Bloomberg mulls election

The former mayor would mix-up the presidential race if he runs  

Is former New York City Mayor Michael Bloomberg going to throw his hat into the presidential race to save us from ourselves, our political system and restore our faith in our values as Americans? If so, he is willing to put $1 billion of his own fortune into the game.

Bloomberg felt called by the pull toward a deep-seated discontent among the American people who have responded to gut-wrenching, emotional appeals by both Donald Trump and Bernie Sanders and by the push of a tragedy he foresees if either become our next president. Bloomberg’s decision to send out feelers to run as a Third-Party candidate is triggered by the sudden realization that a crisis is brewing, one that requires a sudden intervention into the presidential race, even though the outcome of who will represent the Grand Old Party or the Democrats in November will not be resolved for some time.

Like the prophet Ezekiel, he feels that the country is sitting on scorpions. Trump appeals to our basic instincts and Sanders to an economic system that challenges billionaire Bloomberg’s firm attachment to the free-market capitalism on which his multi-billion-dollar fortune is founded. As a Third Party candidate, it is clear he cannot become president, but he can play the strategic role of game changer. Who today recalls that Ross Perot polled 19 percent when he ran against George H.W. Bush and Bill Clinton in 1992? Perhaps Ralph Nader is better known as a spoiler in 2000 by keeping Al Gore out of the White House?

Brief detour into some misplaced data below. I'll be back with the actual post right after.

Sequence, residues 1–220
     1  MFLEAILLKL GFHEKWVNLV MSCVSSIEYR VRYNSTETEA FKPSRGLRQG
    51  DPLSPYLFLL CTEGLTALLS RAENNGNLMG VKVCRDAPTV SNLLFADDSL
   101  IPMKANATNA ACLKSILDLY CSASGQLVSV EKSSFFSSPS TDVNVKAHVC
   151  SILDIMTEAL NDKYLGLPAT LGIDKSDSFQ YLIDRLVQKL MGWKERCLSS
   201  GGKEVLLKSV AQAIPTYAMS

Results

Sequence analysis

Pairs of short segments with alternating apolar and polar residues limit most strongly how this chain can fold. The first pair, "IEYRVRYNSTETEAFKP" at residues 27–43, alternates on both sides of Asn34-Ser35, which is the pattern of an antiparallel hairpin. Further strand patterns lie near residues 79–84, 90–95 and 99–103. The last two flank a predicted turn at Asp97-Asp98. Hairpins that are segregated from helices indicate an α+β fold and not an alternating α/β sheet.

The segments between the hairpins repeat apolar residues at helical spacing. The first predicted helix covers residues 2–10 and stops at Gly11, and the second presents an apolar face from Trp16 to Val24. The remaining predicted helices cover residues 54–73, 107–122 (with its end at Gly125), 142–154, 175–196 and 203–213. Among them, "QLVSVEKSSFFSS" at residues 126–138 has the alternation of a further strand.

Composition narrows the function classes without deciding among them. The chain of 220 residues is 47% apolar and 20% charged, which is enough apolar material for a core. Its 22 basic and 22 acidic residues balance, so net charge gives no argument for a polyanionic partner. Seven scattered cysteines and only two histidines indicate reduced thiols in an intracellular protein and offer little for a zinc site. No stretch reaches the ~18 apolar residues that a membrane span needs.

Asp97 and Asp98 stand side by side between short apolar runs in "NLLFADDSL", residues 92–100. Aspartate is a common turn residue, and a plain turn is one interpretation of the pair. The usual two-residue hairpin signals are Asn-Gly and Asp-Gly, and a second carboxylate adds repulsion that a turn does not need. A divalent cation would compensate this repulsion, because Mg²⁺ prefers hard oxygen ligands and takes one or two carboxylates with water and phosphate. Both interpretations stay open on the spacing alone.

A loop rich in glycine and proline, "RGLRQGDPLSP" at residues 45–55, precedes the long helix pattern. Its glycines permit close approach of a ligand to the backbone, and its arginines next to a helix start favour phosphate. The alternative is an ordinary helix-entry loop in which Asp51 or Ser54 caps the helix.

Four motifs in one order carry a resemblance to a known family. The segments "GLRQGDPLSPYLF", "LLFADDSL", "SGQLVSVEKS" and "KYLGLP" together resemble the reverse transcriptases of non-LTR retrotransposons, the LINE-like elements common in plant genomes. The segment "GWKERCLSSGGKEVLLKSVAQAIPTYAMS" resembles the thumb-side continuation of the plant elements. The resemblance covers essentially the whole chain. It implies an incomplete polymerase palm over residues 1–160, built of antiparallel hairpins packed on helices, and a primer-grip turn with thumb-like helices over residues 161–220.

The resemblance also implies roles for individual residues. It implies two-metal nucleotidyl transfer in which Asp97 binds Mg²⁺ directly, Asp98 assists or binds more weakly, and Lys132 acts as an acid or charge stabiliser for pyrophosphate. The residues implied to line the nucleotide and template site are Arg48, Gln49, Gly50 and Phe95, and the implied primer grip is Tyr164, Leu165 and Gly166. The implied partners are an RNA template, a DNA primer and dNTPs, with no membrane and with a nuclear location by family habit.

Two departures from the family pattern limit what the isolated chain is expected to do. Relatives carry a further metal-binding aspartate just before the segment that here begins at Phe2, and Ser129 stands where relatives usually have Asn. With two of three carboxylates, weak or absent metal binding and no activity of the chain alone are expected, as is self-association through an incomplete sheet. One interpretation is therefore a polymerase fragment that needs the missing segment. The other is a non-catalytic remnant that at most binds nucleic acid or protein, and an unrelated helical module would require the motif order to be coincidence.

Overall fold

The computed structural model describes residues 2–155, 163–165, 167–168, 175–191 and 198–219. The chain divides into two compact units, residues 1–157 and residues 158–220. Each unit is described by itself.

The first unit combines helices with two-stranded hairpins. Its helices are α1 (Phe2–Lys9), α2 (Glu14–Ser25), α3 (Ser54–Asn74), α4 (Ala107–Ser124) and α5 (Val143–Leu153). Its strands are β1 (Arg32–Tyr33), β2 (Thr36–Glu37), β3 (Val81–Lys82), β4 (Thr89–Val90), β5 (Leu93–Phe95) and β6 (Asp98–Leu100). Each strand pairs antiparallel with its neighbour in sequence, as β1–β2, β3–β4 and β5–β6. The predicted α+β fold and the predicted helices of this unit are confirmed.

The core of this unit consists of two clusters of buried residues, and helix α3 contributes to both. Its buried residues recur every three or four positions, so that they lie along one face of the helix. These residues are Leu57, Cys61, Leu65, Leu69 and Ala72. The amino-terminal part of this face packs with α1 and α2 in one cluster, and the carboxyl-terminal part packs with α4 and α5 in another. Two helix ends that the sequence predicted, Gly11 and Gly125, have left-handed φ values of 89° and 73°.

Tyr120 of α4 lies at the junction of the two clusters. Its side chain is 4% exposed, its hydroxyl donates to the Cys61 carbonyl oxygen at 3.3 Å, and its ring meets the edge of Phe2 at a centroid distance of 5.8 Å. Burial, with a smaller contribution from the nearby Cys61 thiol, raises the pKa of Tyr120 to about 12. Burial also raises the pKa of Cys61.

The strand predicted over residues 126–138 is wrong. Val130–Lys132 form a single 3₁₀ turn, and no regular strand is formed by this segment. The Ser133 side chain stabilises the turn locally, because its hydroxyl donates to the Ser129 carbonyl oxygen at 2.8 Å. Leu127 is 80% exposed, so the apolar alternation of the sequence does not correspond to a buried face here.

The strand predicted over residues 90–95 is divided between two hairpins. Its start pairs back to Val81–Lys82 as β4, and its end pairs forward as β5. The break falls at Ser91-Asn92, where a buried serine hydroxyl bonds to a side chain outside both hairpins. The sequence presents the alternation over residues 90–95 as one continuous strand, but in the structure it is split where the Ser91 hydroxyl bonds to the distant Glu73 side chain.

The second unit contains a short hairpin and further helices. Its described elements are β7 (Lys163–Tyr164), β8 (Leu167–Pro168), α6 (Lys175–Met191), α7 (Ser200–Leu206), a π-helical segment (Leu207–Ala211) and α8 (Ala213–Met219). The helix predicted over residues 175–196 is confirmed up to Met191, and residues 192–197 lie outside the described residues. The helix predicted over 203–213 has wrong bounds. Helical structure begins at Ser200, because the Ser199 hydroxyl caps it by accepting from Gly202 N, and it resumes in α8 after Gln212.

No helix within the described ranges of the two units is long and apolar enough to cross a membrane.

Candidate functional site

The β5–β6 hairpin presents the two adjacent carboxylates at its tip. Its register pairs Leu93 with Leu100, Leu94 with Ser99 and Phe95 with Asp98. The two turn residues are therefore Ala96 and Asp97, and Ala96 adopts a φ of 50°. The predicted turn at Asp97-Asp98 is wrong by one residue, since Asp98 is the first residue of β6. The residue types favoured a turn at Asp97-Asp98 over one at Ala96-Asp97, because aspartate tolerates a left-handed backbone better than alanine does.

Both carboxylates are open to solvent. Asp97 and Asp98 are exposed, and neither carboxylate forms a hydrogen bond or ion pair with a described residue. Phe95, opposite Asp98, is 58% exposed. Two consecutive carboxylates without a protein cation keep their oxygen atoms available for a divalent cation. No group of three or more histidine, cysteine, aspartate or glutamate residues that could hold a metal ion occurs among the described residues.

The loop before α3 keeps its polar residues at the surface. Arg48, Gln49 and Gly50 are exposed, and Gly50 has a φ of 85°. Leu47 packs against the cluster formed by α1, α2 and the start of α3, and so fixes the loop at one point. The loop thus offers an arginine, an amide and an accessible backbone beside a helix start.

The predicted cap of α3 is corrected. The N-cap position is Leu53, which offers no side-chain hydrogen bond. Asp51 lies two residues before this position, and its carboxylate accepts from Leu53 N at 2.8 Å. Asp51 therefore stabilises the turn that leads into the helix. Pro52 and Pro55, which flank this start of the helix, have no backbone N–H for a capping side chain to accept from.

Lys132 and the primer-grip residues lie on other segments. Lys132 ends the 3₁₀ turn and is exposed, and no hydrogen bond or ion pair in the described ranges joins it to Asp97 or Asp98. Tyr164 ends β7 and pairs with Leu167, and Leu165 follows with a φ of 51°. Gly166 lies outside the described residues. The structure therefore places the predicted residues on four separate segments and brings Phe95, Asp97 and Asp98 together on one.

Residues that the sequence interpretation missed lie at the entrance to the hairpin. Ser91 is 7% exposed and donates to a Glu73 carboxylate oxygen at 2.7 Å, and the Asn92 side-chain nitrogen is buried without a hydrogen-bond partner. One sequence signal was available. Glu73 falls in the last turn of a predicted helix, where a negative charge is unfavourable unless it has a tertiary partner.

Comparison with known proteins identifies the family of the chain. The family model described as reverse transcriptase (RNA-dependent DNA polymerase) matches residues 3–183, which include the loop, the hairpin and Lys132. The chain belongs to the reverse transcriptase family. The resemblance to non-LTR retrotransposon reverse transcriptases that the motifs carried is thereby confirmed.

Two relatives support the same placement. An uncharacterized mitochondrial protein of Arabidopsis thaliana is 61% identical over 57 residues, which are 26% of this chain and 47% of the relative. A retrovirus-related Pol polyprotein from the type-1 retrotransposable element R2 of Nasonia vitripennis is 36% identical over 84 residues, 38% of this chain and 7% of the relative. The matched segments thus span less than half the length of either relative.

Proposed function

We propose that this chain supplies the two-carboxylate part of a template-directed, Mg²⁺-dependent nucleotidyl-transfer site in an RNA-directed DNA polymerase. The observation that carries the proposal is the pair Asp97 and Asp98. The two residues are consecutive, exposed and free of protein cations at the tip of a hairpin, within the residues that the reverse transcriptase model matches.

Bloomberg, a three-term mayor, will play a lesser role in his appeal as a law-and-order man known for his stop-and-frisk record against minorities, pro-market economics and his crushing of the Occupy Wall Street protest. However, his support of reproductive rights and embryonic stem cell research, his campaign against the NRA and against smoking and soft drinks, his campaign for environmental sanity, his views on same-sex marriage and his ideas on immigration, will not endear him to majority of the electorate, more broadly speaking.

And the general malaise in our era shows distress which might push old-style Republicans to hold their noses and back Bloomberg, as well as mainstream Democrats who have no genuine love for Sanders. Furthermore, there remains abroad in the country a dislike of “New York values” that Bloomberg espouses. And if that was not enough, what chance does a 74-year-old like Bloomberg stand to rally independents, moderate Republicans, Blue Dog Democrats and the like into his political tent?

As it stands now, we cannot say for sure Sanders will be the Democrats’ nominee, but Trump stands a better chance for the Republican ticket since even people like Bob Dole see him as a last resort against a string of non-electable Republicans. Saying this, were Bloomberg to enter this dog-and-pony show, it would be feared that he will not stop Trump, and in fact, will do more harm to Sanders. So far, Bloomberg has not entered the fray, albeit time is not on his side to declare himself a candidate. If anything, our distress concerning the erosion of our institutions and democracy is rising.

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